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procymidone (Sumilex) Pesticide Tolerance 4/91


40 CFR Part 180

[OPP-300225C; FRL-3886-3]
RIN 207C-AB78

Pesticide Tolerance for Procymidone

AGENCY:  Environmental Protection Agency (EPA).
ACTION:  Final rule.

SUMMARY: This document establishes a time-limited tolerance for residues of 
the fungicide procymidone, N-(3,5- dichlorophenyl)-l,2- dimethylcyclopropane
l,2- dicarboximide, in or on the raw agricultural commodity (RAC) wine grapes 
grown prior to January 1, 1990, at 7.0 parts per million (ppm). Sumitomo 
Chemical Co., Ltd., petitioned EPA to establish a maximum permissible level 
for residues of procymidone on grapes.  EFFECTIVE DATE: This regulation 
becomes effective April 26, 1991.  ADDRESSES:  Written objections, identified 
by the document control number, [OPP-300225C], may be submitted to:  Hearing 
Clerk (A-110), Environmental Protection Agency, Room 3708, 401 M St.,SW., 
Washington, DC  20460.

FOR FURTHER INFORMATION CONTACT:  By mail:  Susan Lewis, Product Manager (PM) 
21, (H7505C), Registration Division Environmental Protection Agency. 401 M 
St., SW., Washington, DC  20460.  Office location and telephone number: Rm. 27 
CM#2, 1921 Jefferson Davis Hwy. Arlington, VA  22202, (703)- 557-1900. 
SUPPLEMENTARY INFORMATION:  In the Federal Register of September 25,1990 (55 
FR 39171), EPA issued an advanced notice of proposed rulemaking (ANPR) to 
solicit comment on its consideration of Sumitomo's petition to establish a 
tolerance of 5 ppm for residues of the fungicide procymidone on grapes and to 
establish immediately an interim tolerance of 7 ppm to last 1 year.  The 
Agency issued this ANPR to (l) give its preliminary assessment of the risk 
posed by procymidone residues in imported wine, (2) set out its options for a 
decision, and (3) request public comment on key scientific and policy 
questions raised by this petition for tolerance.

After considering the comments received on the ANPR and after further review 
of the data submitted by Sumitomo, EPA issued a proposed rule in the Federal 
Register of February 8, 1991 (56 FR 4772), giving notice that Sumitomo 
Chemical Co., Ltd., had submitted a pesticide petition, PP OE3859, under 
section 408(e) of the Federal Food. Drug, and Cosmetic Act (FFDCA) (21 U.S.C. 
301 et seq.).  This document proposed to establish a time-limited tolerance 
for procymidone in wine grapes grown prior to January 1, 1990 at 7 ppm.  In 
the Federal Register of February 20,1991 (56 FR 6821), EPA reissued the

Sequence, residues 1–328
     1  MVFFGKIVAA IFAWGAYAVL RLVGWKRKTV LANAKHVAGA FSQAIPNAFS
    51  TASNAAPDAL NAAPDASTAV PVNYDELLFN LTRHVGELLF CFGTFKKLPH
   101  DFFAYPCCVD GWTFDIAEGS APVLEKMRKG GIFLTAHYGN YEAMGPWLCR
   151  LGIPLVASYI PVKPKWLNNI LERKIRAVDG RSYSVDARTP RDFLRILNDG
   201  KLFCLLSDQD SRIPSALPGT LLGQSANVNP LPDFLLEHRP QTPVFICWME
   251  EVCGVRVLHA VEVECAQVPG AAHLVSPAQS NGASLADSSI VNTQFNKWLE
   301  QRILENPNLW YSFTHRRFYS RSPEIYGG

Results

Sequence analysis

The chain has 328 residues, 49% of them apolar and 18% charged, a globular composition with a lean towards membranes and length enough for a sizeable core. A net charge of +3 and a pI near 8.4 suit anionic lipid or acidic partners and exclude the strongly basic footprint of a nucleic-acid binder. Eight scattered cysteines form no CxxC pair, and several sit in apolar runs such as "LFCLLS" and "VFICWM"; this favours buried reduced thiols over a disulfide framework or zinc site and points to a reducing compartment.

proposed rule in its entirety to include certain statements in the proposed 
rule document that were inadvertently omitted in the February 6, 1991 

EPA in this document is establishing a time-limited tolerance for procymidone 
in wine grapes at 7 ppm.  This tolerance has two conditions placed on it:  (l) 
The tolerance will only be effective for four years, and (2) the tolerance 
will only apply to wine grapes grown in 1989 or before.

1. Comments on the Proposed Rule

In response to the procymidone proposed rule, 17 comments have been received.

1.  Fifteen comments supported establishing a time-limited tolerance.  A 
majority, including the Delegation of the Commission of the European 
Communities, French Embassy, Italian Embassy, and wine exporters and 
importers, also stated that permanent tolerances should be established as soon 
as possible.  The French Embassy indicated that European wine growers could 
encounter serious difficulties and sustain major losses in grape production 
without procymidone to control botrytis.

EPA's response:  As EPA stated in its proposal, EPA is unwilling to establish 
a tolerance for procymidone which is of any wider scope than necessary to 
address the extraordinary circumstances which warranted expedited 
consideration of the petition.  Once the Agency receives all the data 
required, the petitioner's request for a permanent tolerance will be 

2.  Food & Allied Service Trades (FAST) and Consumer Union/Natural Resources 
Defense Council (CU/NRDC) filed overlapping comments. First, CU/NRDC contended 
that EPA cannot really establish a tolerance under the FFDCA unless the 
pesticide has been registered under the Federal Insecticide, Fungicide, and 
Rodenticide Act (FIFRA) or an application for registration under FIFRA has 
been filed.  CU/NRDC quotes EPA regulations in support of this argument. 
Second, FAST and CU/NRDC both assert that EPA does not have the authority to 
set interim tolerances other than interim or temporary tolerances for 
pesticides used pursuant to an experimental use permit under FIFRA.  Third, 
FAST and CU/NRDC argue that EPA does not have sufficient toxicity and exposure 
data to establish a tolerance.  Finally, FAST and CU/NRDC assert that EPA 
elevated economic concerns over safety concerns in proposing a tolerance for 

EPA received supplemental comments from Sumitomo responding to the comments